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deGrom's bid for perfect inning thwarted by Trout

MLB.com @feinsand

WASHINGTON -- Jacob deGrom was one strike away from collecting the second perfect inning of his All-Star career. Unfortunately, he needed to get that strike against Mike Trout.

The two-time American League MVP took the Mets ace deep in the top of the third inning of Tuesday night's All-Star Game presented by Mastercard, though it turned out to be the only blemish on deGrom's outing.

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WASHINGTON -- Jacob deGrom was one strike away from collecting the second perfect inning of his All-Star career. Unfortunately, he needed to get that strike against Mike Trout.

The two-time American League MVP took the Mets ace deep in the top of the third inning of Tuesday night's All-Star Game presented by Mastercard, though it turned out to be the only blemish on deGrom's outing.

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deGrom took over for starter Max Scherzer with the National League trailing, 1-0. Facing the top of the AL's lineup, deGrom got Mookie Betts to fly out to center fielder Bryce Harper, then Jose Altuve hit a harmless popup to third baseman Nolan Arenado.

Then came deGrom's biggest test: Trout, considered by most to be the game's best player.

"That's what it's about," deGrom said. "Going out there and playing against the best."

deGrom got ahead of Trout, 1-2, but the Angels star drove a 92 mph sinker to left-center field, depositing it into the AL bullpen to give his team a 2-0 lead.

Video: 2018 ASG: Trout laces a solo home run to left on FOX

"Yeah, he hits the low ball well, though," deGrom said of his pitch selection. "Two strikes, probably should've gone fastball up; but he got me."

Asked what the best approach is when facing Trout, deGrom said, "Not like that, apparently. I'll have to come up with a different gameplan when I face him next time."

deGrom gathered himself on the mound and struck out Red Sox designated hitter J.D. Martinez to end his inning of work. He was charged with one run on one hit, striking out one.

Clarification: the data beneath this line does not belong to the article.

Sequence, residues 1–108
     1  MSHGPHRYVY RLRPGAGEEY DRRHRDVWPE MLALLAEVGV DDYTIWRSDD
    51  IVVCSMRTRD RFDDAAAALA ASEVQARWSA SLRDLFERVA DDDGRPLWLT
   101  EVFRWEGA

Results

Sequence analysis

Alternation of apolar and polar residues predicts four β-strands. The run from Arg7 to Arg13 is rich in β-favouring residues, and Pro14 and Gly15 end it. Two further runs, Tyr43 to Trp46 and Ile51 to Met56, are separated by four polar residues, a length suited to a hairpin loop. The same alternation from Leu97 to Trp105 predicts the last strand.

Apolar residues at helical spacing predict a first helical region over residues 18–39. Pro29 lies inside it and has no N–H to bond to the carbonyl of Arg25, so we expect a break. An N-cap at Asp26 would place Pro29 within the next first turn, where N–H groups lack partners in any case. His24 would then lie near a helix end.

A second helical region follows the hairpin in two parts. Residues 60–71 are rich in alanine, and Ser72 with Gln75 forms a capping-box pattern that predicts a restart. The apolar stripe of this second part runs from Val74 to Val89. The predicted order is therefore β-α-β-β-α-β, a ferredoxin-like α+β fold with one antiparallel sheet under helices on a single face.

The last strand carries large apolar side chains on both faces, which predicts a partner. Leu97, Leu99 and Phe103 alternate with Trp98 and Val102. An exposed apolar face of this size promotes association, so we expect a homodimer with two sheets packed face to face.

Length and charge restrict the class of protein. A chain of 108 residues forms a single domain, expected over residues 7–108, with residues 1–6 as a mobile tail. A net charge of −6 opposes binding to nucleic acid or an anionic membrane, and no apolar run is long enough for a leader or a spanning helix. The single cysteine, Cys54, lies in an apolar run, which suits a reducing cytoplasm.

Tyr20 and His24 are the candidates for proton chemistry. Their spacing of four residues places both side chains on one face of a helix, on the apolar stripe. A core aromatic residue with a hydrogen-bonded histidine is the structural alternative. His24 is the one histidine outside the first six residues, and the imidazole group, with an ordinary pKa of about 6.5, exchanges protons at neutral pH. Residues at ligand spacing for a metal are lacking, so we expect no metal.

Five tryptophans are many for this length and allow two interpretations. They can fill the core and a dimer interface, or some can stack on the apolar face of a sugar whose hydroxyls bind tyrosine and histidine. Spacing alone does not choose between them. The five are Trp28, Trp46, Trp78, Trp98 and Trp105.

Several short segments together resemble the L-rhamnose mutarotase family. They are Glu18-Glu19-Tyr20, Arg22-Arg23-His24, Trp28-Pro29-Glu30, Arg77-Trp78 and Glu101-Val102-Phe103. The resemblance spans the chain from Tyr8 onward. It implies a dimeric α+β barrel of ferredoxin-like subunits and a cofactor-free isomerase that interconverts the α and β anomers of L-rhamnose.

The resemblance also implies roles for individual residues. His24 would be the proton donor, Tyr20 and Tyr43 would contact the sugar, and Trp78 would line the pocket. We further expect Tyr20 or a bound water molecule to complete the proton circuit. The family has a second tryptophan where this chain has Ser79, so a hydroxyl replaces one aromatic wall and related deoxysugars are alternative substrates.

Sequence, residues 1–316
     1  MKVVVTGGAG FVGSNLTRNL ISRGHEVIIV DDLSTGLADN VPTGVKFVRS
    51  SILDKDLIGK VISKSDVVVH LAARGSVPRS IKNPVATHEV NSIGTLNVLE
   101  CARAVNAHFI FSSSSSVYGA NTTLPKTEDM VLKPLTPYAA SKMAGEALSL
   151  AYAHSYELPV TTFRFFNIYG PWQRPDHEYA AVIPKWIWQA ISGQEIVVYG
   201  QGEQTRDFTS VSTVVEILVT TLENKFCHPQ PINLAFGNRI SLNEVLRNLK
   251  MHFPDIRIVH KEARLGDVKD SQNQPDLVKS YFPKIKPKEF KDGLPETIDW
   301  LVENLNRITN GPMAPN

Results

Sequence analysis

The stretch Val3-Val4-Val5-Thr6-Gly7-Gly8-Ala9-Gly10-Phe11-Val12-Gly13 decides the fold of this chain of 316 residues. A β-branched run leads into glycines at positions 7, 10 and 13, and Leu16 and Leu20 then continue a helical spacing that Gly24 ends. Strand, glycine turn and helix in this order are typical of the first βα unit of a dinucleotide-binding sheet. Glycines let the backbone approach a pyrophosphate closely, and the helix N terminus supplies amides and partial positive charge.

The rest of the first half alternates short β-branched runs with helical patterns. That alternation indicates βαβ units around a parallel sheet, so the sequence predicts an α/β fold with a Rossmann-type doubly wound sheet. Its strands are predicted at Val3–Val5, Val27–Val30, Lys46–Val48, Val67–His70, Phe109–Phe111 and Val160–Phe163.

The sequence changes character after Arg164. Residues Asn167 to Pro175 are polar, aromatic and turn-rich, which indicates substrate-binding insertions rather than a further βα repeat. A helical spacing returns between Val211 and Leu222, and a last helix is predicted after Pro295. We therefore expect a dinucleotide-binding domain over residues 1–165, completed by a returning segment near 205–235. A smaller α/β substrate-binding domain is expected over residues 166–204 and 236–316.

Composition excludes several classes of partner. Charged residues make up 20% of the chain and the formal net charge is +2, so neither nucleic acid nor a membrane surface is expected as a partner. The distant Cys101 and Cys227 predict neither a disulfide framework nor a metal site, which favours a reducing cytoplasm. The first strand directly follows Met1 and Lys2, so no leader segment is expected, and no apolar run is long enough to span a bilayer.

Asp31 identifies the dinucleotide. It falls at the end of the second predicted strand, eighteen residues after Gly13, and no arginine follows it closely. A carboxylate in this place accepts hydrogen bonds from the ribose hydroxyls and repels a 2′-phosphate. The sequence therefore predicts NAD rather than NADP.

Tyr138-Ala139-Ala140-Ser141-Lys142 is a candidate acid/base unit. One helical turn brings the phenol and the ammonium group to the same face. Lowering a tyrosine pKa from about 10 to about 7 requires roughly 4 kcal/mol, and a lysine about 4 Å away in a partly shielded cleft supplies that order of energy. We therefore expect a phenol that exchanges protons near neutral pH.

"I was fortunate to pitch in my first one in '15, and then I was able to throw in this one," deGrom said. "It's a lot of fun to go in there and compete."

The first time deGrom made an All-Star team, he put on a pitching clinic during his one inning of work in the National League's 6-3 loss to the American League in 2015. The right-hander struck out all three batters he faced in the sixth inning at Great American Ball Park, throwing only 10 pitches -- nine of them for strikes.

A few hours before he would follow starter Scherzer in Tuesday night's game, deGrom didn't anticipate a repeat performance this time around.

"That's going to be tough," deGrom said. "That's a good lineup over there."

NL manager Dave Roberts indicated that deGrom -- who leads the NL with a 1.68 ERA, and is second in the league with 149 strikeouts and a 0.973 WHIP -- likely would have been his choice to start the game had the event not been taking place at Scherzer's home ballpark in Washington, a decision with which deGrom agreed.

"It's definitely an honor," deGrom said. "When they announced that Max would start, I thought that was the right thing to do. This is his ballpark and I think he deserves to pitch here."

deGrom was a 27-year-old second-year player when he made his first All-Star team, and while the experience was certainly exciting, the three-day stay in Cincinnati didn't come without some anxiety.

"I was so young," deGrom said. "I did a lot of running around last time and was in a constant panic that I was missing something or was supposed to be somewhere. This one, I knew what I needed to do and was able to enjoy the time with my family."

This year's All-Star Week brought a new challenge for deGrom, who spent the majority of Monday's media availability talking about his future with the Mets. Earlier in the day, his agent released a statement saying that deGrom's first choice is to sign an extension with the Mets, but if the club wasn't interested in doing so, it should trade him.

deGrom knew it was coming, as he and agent Brodie Van Wagenen had plotted out the right time to let their feelings be known.

"I figured there would be a lot of questions about trade stuff, so that was our way of getting ahead of it," deGrom said. "I think we expressed that we enjoyed it here and we'd like to stay. It's up to the Mets. I've really enjoyed my time here and enjoyed winning here; I'd like to get back to that."

Mark Feinsand, an executive reporter, originally joined MLB.com as a reporter in 2001.

Jacob deGrom